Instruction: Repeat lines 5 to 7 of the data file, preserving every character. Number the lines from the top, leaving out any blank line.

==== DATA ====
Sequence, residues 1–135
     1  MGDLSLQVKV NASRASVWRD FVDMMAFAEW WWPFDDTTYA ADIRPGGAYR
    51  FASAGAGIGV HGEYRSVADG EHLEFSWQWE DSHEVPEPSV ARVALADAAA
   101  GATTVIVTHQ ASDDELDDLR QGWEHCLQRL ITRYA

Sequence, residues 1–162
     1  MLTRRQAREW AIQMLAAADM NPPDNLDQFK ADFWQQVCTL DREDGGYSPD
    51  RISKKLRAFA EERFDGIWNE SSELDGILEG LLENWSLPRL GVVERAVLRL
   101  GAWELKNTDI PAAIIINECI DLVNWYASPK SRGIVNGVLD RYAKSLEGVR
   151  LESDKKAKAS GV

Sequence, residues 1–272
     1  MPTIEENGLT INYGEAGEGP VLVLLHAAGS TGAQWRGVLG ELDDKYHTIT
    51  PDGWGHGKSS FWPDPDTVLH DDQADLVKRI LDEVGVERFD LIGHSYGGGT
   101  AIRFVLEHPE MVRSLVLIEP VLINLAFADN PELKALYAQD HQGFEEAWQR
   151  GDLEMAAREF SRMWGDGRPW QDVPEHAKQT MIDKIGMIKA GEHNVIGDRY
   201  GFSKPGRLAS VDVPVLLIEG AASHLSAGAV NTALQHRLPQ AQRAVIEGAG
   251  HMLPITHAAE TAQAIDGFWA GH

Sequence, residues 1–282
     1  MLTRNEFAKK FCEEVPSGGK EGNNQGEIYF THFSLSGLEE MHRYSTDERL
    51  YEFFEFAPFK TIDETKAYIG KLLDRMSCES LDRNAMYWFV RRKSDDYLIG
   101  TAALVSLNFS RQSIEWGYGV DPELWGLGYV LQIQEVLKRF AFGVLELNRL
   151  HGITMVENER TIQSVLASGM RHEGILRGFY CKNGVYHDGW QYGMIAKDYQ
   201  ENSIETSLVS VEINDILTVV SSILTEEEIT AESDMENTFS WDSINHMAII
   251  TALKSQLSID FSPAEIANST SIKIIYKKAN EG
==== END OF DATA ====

Sequence, residues 1–162
     1  MLTRRQAREW AIQMLAAADM NPPDNLDQFK ADFWQQVCTL DREDGGYSPD
    51  RISKKLRAFA EERFDGIWNE SSELDGILEG LLENWSLPRL GVVERAVLRL